In the late 1950s, when artists started moving downtown, the area was a sprawling wasteland of low level buildings anchored by two largely industrial areas — what we now call SoHo and its neighbor immediately to the south, TriBeCa. Both had begun in the 1600s as colonial farmland; by the 19th century, both had transformed into a shopping and entertainment district, with large hotels, upscale department stores, theaters and hundreds of brothels. After the Civil War, the area became an important manufacturing center for textile firms and other industries, and the brothels were gradually replaced by clusters of cast-iron warehouses. By the 1950s, these warehouses were mostly being used for storage or sweatshops, and the neighborhood, increasingly decrepit, earned the nickname Hell’s Hundred Acres.
In retrospect, it seems destined that artists would colonize this place — for whom were these cavernous, empty spaces built if not for artists, like Donald Judd playing around with new and unwieldy ideas? — though it’s hard to overstate just how difficult it was to do. Living in these buildings, which were not zoned for residential occupation, was illegal, and the conditions were bleak: In some cases there was no working plumbing, water, heat or electricity. Artists were required by the city to post warning signs on the exteriors of these buildings that read A.I.R. — Artist in Residence — so that if there were a fire, the fire department would know to rescue them.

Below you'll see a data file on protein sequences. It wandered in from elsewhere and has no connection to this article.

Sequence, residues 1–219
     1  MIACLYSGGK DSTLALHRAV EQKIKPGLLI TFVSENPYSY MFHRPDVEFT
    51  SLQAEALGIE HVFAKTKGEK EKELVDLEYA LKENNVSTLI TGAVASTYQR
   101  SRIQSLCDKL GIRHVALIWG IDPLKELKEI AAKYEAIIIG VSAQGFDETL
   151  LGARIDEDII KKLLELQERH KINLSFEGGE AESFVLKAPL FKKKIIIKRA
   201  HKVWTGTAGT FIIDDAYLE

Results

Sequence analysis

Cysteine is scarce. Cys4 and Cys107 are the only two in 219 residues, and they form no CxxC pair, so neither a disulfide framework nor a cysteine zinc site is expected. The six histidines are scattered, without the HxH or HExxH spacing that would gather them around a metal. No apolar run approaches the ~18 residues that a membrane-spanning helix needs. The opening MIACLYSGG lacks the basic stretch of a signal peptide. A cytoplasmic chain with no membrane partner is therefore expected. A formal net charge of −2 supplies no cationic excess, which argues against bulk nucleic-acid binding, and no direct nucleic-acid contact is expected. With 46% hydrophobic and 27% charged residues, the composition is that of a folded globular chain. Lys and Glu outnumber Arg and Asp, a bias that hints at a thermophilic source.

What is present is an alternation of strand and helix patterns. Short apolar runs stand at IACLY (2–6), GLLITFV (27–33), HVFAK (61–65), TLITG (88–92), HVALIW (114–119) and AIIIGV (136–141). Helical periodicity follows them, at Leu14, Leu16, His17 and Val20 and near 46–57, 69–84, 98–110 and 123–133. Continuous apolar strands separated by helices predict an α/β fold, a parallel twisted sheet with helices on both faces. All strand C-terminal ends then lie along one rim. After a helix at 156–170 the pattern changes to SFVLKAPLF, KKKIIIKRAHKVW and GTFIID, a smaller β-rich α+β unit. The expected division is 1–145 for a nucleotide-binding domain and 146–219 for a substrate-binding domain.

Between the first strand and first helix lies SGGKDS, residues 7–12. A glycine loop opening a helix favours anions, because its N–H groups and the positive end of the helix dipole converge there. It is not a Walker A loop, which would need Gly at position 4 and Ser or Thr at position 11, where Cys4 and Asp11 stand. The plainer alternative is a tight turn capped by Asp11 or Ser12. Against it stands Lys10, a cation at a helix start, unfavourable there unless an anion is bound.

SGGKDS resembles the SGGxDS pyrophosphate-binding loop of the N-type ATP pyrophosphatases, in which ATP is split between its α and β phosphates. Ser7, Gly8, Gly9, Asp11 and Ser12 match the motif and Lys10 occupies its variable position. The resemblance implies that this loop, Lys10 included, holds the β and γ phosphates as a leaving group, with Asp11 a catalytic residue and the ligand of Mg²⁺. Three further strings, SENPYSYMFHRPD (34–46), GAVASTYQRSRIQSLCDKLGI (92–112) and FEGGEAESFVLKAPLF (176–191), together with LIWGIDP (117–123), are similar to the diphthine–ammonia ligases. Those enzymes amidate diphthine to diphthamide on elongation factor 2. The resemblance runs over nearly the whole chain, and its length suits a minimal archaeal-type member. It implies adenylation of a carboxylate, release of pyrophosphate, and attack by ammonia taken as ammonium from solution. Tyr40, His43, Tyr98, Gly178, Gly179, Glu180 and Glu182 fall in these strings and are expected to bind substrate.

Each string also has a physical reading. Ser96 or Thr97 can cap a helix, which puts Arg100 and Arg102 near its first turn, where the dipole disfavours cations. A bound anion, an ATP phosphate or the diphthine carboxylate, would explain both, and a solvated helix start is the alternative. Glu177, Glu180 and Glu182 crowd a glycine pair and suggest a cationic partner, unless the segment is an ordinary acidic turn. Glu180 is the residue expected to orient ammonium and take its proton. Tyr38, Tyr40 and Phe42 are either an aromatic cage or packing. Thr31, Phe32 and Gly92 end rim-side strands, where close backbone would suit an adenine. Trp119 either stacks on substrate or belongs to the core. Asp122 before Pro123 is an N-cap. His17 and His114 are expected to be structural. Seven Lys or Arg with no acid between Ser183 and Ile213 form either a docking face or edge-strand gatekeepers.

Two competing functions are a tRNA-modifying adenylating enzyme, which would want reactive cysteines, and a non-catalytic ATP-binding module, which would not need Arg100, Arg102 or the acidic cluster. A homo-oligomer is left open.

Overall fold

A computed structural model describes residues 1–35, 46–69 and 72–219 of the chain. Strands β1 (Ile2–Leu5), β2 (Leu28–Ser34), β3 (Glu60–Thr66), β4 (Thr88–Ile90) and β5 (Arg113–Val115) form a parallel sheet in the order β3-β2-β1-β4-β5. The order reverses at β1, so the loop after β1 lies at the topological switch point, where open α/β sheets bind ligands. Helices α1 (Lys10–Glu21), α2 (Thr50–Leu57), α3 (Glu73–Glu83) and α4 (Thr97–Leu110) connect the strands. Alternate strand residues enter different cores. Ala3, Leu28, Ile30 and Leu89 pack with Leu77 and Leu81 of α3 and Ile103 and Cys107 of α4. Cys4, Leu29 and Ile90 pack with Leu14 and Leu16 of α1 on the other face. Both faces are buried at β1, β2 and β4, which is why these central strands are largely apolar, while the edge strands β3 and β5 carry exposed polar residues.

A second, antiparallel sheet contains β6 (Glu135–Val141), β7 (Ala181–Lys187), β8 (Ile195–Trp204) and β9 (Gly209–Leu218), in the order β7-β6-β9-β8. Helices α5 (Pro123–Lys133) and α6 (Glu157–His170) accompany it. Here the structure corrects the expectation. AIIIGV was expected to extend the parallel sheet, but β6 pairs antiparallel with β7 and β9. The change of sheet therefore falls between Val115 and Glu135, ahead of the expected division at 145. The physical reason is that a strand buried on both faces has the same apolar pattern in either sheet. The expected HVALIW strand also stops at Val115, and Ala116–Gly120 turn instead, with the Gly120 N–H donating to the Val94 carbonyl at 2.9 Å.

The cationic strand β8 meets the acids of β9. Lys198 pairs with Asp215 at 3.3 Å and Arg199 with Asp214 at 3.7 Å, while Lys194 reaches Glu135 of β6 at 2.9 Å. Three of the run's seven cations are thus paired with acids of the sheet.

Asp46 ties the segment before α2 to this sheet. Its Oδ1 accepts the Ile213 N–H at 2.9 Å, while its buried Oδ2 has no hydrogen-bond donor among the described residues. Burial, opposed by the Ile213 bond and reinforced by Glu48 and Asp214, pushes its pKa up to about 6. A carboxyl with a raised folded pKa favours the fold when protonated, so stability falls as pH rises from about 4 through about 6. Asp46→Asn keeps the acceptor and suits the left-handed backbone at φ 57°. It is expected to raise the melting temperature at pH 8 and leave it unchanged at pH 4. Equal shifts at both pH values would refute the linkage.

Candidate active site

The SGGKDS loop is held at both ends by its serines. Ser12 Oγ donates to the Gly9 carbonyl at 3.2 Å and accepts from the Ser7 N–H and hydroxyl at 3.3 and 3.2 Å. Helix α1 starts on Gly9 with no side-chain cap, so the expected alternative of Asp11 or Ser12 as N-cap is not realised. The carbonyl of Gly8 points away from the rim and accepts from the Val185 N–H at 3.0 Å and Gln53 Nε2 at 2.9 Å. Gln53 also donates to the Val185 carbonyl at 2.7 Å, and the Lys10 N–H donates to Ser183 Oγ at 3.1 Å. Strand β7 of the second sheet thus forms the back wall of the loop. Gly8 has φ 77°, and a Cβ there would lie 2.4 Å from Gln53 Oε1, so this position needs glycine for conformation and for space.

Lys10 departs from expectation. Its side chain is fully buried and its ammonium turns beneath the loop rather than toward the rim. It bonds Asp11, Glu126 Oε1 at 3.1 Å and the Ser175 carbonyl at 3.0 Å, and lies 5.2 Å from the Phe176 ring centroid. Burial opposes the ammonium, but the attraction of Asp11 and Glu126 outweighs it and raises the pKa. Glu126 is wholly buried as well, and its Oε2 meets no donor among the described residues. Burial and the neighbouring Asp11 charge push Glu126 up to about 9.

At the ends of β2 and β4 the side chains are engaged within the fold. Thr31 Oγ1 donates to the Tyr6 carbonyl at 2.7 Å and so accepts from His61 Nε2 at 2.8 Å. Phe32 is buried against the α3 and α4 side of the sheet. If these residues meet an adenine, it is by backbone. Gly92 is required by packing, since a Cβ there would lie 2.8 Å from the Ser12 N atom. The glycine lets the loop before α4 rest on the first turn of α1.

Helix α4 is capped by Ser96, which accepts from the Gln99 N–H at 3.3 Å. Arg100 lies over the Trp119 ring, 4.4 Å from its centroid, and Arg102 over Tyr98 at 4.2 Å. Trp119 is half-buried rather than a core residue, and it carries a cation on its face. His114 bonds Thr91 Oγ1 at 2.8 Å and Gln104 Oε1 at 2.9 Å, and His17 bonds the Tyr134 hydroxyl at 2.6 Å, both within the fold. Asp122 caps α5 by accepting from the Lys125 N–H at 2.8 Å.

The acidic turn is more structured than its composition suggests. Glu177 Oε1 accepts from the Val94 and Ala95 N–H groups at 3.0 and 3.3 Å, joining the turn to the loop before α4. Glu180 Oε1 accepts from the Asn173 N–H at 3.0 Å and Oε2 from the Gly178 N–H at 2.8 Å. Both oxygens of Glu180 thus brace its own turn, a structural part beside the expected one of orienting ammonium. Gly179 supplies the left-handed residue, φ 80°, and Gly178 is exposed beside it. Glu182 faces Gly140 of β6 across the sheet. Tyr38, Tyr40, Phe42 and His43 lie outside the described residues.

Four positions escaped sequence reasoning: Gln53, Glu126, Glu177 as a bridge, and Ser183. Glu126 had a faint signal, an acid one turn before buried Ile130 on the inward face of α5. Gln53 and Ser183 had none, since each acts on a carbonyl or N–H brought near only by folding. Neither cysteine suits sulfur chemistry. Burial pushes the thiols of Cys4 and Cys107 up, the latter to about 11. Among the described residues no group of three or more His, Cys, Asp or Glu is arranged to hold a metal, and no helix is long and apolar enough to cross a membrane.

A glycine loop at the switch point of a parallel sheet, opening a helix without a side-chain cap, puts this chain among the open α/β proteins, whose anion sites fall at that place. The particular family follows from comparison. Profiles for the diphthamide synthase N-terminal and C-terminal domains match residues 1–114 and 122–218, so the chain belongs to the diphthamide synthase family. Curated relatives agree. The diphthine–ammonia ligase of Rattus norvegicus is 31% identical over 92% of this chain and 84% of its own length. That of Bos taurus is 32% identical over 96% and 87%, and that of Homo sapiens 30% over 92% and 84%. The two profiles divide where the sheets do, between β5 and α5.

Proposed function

“It was almost like being in the country in the middle of the city,” says Richard Nonas, who moved to SoHo in the late ’60s and to TriBeCa around 1975. He is among a small group of artists who remain in this part of the city, some of whom T gathered for a photo shoot in the area in February. “It was only toward the ’80s,” he says, “that I knew anybody who made enough money to hire an architect or a plumber.”
Inconveniences and startling imagery aside — Red Grooms, who’s had a studio in TriBeCa since 1969, still recalls the day he found a chalk outline of a dead body in front of the door of his former apartment on Mulberry Street — the area’s transformation into an arts district truly began when a young woman named Paula Cooper opened the first major gallery here on Prince Street in 1968. She was followed in 1971 by Leo Castelli — the Upper East Side dealer of Robert Rauschenberg, Jasper Johns and Andy Warhol — and a few other dealers, who opened branches downtown at 420 West Broadway, which became known as the SoHo Gallery Building. By the 1980s, SoHo was once again an important commercial center for the city, host to New York’s most influential galleries and the place where many artists lived and worked. (The mainstream art industry of this time often ignored artists of color, with the notable exception of Jean-Michel Basquiat, who was embraced by the SoHo galleries and had a studio nearby on Great Jones Street. Artists like Lorraine O’Grady, David Hammons and Senga Nengudi were left out of the narrative of SoHo’s heyday, though they did find a home at Linda Goode Bryant’s Just Above Midtown gallery, which opened in 1974 on West 57th Street and moved to TriBeCa in 1980.)